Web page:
Other Side of the Mirror: Actually speechless

 

By : Bikram Vohra

 

 

The human race was not born to give speeches. We haven’t yet had the time to develop to the point where we can rivet people with words. In that sphere we are largely primitive. I have recently attended a function where three people gave boring speeches and three others gave even worse ones. After which the flipping Chief Guest droned on for 26 minutes stringing cliches together like a child putting cheap glass beads on a rope. Everyone sat there and listened instead of saying shut up. If you have to give a speech the least you can do by way of courtesy to all those poor hapless victims in the auditorium is make it reasonably interesting.
Do your homework. Why does everyone say exactly the same thing?

First, the master of ceremonies stands up and tells you how grateful he is that we have all come to the function. Then he praises the President, the Secretary and the Treasurer. Each one of them is going to say precisely the same thing when it is their turn. Then he expresses gladness, gratitude, reassurance and undying humility. All those that follow will also mumble out their salutations in much the same order. They will say how moved they are that the chief guest has spared so much of his valuable time (it is always valuable) and how awfully honored we are that he has graced the occasion and for that we are truly thankful. You don’t particularly mind this drivel however banal it is but the fawning surrender on behalf of the audience gets a bit much.

Why do we have to drool over the presence of the guest and grovel with humility as if we were some sub species honored at the great bwana having deigned to give us a cluster of minutes. One can be polite but the gratuitous rendition of the guy’s virtues is a decided pain in the neck. We are told what a sterling fellow he is, his achievements are listed and a little halo is placed around his head. By this time you are swimming in sticky sentiment and the last thing you want is this musical revue of the chief guest’s lineage.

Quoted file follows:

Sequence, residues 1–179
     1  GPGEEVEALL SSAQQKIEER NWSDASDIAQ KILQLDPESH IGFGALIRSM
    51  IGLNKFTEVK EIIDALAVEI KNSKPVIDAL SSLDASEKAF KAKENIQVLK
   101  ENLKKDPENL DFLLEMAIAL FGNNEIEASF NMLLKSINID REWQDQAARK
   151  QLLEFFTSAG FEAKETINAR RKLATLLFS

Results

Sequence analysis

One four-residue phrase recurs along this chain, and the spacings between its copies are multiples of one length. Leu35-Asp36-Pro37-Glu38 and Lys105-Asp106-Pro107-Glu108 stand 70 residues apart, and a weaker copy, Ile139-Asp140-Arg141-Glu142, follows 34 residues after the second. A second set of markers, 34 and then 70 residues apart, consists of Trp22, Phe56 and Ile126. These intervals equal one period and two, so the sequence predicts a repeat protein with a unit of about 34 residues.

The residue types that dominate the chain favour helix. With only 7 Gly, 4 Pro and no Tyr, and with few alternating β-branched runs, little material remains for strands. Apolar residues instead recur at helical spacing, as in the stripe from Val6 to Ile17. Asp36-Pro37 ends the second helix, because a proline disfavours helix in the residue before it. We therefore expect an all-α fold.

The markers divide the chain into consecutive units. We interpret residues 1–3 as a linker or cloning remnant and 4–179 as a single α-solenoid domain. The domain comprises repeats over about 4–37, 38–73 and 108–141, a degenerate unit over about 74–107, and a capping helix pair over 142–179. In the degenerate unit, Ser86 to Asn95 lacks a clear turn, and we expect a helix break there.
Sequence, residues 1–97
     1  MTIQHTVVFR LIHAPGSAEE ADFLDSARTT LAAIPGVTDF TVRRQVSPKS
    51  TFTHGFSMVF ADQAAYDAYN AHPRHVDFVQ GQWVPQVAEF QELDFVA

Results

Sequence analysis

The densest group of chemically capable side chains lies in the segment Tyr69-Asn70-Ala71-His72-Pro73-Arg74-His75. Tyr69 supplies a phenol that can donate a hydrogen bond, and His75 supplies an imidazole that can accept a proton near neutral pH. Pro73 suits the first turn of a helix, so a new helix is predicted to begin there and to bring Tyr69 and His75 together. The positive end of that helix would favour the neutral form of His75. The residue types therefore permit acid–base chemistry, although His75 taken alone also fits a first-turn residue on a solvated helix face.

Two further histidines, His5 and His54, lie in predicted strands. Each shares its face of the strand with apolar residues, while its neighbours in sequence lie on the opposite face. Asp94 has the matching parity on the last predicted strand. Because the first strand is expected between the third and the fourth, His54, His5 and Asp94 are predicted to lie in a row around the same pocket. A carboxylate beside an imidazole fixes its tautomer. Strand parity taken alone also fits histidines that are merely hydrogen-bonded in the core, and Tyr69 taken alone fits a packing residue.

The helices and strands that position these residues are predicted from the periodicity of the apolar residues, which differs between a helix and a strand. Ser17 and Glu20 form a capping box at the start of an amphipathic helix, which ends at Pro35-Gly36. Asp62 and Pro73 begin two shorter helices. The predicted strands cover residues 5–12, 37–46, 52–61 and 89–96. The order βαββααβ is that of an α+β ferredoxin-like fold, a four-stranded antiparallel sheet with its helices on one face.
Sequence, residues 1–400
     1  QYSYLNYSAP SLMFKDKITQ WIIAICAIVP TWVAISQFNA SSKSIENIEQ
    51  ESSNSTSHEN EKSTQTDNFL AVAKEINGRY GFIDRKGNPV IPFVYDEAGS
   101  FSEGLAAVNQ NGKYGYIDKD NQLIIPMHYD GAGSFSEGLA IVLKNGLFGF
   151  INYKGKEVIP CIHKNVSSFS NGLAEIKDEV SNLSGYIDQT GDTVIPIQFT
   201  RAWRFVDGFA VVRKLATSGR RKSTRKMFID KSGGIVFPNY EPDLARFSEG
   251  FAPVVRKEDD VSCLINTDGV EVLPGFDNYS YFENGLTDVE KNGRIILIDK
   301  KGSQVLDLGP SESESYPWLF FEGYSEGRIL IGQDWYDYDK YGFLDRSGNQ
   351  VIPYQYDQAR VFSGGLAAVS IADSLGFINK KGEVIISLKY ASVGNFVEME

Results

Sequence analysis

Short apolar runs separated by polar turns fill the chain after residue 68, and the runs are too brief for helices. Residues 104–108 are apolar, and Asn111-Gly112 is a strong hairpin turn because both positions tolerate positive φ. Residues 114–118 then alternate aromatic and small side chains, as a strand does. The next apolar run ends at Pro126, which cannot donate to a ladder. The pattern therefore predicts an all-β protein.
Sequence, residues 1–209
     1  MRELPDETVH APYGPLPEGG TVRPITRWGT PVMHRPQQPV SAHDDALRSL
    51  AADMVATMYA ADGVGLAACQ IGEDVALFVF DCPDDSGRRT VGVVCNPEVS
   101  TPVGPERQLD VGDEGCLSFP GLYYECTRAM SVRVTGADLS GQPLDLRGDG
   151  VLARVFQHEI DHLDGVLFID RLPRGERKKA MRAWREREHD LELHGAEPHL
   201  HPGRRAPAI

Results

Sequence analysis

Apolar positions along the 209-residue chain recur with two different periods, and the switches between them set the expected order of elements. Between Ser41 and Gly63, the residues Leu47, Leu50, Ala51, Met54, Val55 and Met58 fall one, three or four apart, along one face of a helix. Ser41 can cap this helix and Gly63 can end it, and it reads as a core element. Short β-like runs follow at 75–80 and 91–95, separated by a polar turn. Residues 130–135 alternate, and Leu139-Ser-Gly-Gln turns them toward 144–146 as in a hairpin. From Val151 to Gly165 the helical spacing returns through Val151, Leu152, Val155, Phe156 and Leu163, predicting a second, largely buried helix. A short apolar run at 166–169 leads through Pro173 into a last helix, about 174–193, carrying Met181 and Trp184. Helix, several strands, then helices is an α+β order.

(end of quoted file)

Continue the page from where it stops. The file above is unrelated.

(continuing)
Then he comes on and thanks all these wonderful people on the dais and how grateful he is to be here and how much of an honour it is to address such an august gathering, which is really a load of utter rubbish because the motley crew in the room is anything but august, more like wilted April than anything else.

Get on with it, get on with it.

Finally, it is all over and you are sort of sitting there stunned by the overflow of words but before relief can set in along comes this Secretary and now he wants to give a vote of thanks. Skip the vote of thanks, please, just drop it, no one will object, no one will care, our ears are ringing with speeches. But he has to do it, what with his fist clutching a sheaf of papers with points on them. Now, he will tell us how pertinent the Chief Guest’s remarks have been and isn’t it a treat that we were privileged enough to hear him today and we are so much the wiser for it. After which, another deep plunge into the gratitude pool and lots of thank yous to the kindness of the Chairman with whose kind permission this kind offer was possible and the kind members of the board who were so kind as to encourage us to greater heights not to forget the kindness of the theater manager who kindly loaned us the hall and the kind contribution of our kind past President who kindly arranged the refreshments and our past, past, past Secretary who came all the way from Neverland to be with us on this special occasion and we are all touched that he could take out time from his busy schedule and we also record our thanks to.. Shut them for heaven’s sake, can’t take more of this.

 

 

 

 



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